Court name
Supreme Court of Zimbabwe
Case number
SC 74 of 2002
Civil Appeal 284 of 1999

Sibanda v Ntini (284/99) (SC 74 of 2002, Civil Appeal 284 of 1999) [2002] ZWSC 74 (25 March 2002);

Law report citations
Media neutral citation
[2002] ZWSC 74




REPORTABLE
(60)














Judgment
No S.C. 74\2002


Civil
Appeal No 284\99

















BAFANA
SIBANDA v JOSIAH NTINI











SUPREME
COURT OF ZIMBABWE


CHIDYAUSIKU
CJ, ZIYAMBI JA & MALABA JA


BULAWAYO
MARCH 26, 2002








R.
Ndlovu
,
for the appellant





C.
Mashoko
,
for the respondent









MALABA JA:
This appeal is against a judgment of the High Court dated 16
September 1999 in which the appellant’s application
for rescission
of a default judgment granted by the same court to the respondent on
11 June 1997 was dismissed with costs. We dismissed
the appeal
after hearing submissions by Mr
Ndlovu,
for the appellant, having found it unnecessary to hear counsel for
the respondent. We indicated that our reasons for the decision
would follow. These are they.





The
respondent (Josiah Ntini) owned premises known as Thandabantu Store
situated at Sikombingo Business Centre in Lower Gweru.
In June 1987
the appellant leased the shop at a monthly rental of $250 which he
was to start paying as from 1 January 1990 after
recovering costs of
repairing a toilet at the premises.





When the
monthly rentals became due and owing after 1 January 1990 the
appellant failed to pay them forcing Josiah Ntini to issue
summons
out of the magistrates court in Gweru on 23 October 1995 claiming
against him an order of eviction from the shop and payment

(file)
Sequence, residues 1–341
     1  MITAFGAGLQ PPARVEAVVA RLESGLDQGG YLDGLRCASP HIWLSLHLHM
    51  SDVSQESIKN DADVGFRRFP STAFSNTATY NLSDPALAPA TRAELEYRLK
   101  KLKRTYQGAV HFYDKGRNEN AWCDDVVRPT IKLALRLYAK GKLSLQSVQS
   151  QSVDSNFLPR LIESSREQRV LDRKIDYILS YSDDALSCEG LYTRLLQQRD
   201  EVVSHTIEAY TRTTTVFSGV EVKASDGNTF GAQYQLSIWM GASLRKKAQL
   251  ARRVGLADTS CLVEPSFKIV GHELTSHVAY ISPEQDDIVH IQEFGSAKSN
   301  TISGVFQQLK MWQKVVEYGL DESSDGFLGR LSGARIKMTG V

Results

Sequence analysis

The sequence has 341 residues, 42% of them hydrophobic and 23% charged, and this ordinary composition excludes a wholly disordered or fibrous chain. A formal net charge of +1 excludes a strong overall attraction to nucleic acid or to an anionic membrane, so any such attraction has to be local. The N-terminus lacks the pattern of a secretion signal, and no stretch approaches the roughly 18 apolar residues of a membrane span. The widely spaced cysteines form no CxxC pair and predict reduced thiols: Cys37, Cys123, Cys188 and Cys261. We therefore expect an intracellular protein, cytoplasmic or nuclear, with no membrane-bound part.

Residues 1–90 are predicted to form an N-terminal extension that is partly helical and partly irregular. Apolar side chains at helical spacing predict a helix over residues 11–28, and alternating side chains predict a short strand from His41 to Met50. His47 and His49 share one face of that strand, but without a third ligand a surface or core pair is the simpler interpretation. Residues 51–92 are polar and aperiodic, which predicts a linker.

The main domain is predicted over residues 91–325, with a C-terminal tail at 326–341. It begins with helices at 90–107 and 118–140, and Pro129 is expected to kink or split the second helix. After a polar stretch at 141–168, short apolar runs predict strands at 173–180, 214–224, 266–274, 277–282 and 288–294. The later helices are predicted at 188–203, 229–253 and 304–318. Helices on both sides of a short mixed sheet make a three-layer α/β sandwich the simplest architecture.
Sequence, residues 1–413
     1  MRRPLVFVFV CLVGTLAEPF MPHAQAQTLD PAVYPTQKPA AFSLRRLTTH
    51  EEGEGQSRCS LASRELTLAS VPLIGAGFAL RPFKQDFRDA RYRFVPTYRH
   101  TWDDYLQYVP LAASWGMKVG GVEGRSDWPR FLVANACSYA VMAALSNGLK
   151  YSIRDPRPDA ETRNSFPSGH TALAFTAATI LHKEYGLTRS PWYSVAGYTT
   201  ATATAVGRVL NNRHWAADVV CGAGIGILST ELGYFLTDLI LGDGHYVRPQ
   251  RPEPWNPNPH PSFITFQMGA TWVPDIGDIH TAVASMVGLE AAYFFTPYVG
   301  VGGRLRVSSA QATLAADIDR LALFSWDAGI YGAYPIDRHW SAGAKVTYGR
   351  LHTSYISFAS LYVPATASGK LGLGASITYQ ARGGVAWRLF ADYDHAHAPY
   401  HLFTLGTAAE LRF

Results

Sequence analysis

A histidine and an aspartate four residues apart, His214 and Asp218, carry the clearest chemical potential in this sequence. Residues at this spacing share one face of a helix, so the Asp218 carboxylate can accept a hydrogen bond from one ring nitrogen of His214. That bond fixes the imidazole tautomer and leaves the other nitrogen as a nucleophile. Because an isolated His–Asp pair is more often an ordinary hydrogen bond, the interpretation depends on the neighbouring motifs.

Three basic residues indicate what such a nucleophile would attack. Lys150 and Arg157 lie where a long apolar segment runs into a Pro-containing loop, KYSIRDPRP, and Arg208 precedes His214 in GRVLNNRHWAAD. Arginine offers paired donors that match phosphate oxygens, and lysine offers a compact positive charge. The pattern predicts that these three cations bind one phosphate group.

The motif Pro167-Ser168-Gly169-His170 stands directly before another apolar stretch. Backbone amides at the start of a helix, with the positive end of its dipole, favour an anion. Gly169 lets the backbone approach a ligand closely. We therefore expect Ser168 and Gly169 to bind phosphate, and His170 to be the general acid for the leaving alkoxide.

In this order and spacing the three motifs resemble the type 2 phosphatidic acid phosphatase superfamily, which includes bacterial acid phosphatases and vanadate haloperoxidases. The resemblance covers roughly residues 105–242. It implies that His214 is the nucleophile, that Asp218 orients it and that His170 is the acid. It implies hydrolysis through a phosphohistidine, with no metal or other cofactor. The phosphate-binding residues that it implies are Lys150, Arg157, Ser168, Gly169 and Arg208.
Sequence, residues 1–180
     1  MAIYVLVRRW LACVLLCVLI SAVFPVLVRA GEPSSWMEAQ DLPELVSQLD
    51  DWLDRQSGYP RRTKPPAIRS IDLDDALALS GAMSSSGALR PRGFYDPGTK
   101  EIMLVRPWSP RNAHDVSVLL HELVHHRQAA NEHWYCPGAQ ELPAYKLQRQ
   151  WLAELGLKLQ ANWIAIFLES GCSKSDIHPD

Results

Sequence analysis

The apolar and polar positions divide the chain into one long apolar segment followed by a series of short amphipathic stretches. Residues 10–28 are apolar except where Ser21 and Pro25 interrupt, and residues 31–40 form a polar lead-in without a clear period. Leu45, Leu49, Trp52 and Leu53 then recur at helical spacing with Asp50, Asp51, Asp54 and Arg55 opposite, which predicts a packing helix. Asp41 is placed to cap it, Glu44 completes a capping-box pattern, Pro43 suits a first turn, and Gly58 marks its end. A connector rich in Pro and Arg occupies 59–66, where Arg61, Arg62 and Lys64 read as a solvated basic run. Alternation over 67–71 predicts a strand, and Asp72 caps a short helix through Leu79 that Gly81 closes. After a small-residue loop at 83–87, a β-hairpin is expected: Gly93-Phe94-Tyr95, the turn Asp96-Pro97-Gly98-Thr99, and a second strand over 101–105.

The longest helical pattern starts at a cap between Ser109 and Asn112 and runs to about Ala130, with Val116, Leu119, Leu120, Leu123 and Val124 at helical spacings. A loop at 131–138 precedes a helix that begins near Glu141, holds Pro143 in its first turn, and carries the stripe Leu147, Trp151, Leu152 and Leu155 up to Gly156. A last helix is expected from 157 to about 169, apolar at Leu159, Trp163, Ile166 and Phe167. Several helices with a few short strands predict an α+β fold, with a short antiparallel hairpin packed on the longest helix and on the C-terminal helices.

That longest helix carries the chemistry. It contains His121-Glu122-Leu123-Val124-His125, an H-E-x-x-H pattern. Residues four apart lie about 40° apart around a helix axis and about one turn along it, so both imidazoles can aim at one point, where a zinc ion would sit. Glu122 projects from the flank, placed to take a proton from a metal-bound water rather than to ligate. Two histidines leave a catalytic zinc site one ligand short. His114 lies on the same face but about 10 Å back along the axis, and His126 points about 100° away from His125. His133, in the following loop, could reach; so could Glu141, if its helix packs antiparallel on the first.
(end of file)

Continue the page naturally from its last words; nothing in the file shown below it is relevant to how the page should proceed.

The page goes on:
of the sum
of $17 250 being arrear rentals for the period extending from 1
January 1990 to 30 September 1995. The appellant did
not enter an
appearance to defend the action. Josiah Ntini however discovered
that the claim for the payment of $17 250 was in
excess of the
magistrate’s court jurisdiction. That claim was withdrawn on 17
January 1996, default judgment for the eviction
order having been
entered against the appellant on 19 December 1995. On 21 February
1996 the appellant was evicted from the shop
by the Deputy Sheriff.





On
11 April 1996 Josiah Ntini issued summons out of the High Court
claiming from the appellant payment of the sum of $18 500 being
arrear rentals from 31 January 1990 to 21 February 1996 when he was
evicted from the shop. The summons was served on the appellant
on 3
June 1996. He entered appearance to defend but failed to file his
plea within the time limited by the High Court of Zimbabwe
Rules
1971. A notice of intention to bar was served on the appellant’s
legal practitioners on 9 August but he failed to file
the plea within
four days of the service of the notice resulting in the bar being
effected and default judgment granted against him
on 11 June 1997.





On
17 November 1997 six head of cattle were attached at the appellant’s
homestead following a writ of execution issued on 24 September.
The
return of the execution of the writ shows that the appellant was
present when the cattle were attached. In paragraph 9 of
the
founding affidavit, in support of the application for rescission of
the judgment which he later made, he admits that he witnessed
the
attachment of the cattle by the Deputy Sheriff. The cattle were
removed on 29 January 1998 to be sold at a public auction on
17
February. On 16 February 1998 the appellant’s wife obtained an
interdict from the High Court stopping the sale claiming that
the
cattle belonged to her. The application for the interdict had
followed a rejection by Josiah Ntini of an offer by the appellant
in
January to pay $1 000 per month towards the liquidation of the
judgment debt.





The
legal practitioner who had been dealing with the appellant‘s case
was Mr Malunga. He left Wilmot and Bennet in October 1996.
Mr
Chitere took over the case. Mr Chitere averred that the appellant
approached him in the company of his wife after the removal
of the
cattle in January 1998. The appellant never instructed him to make
an application for rescission of judgment. It was the
appellant’s
wife who claimed that the cattle belonged to her. She later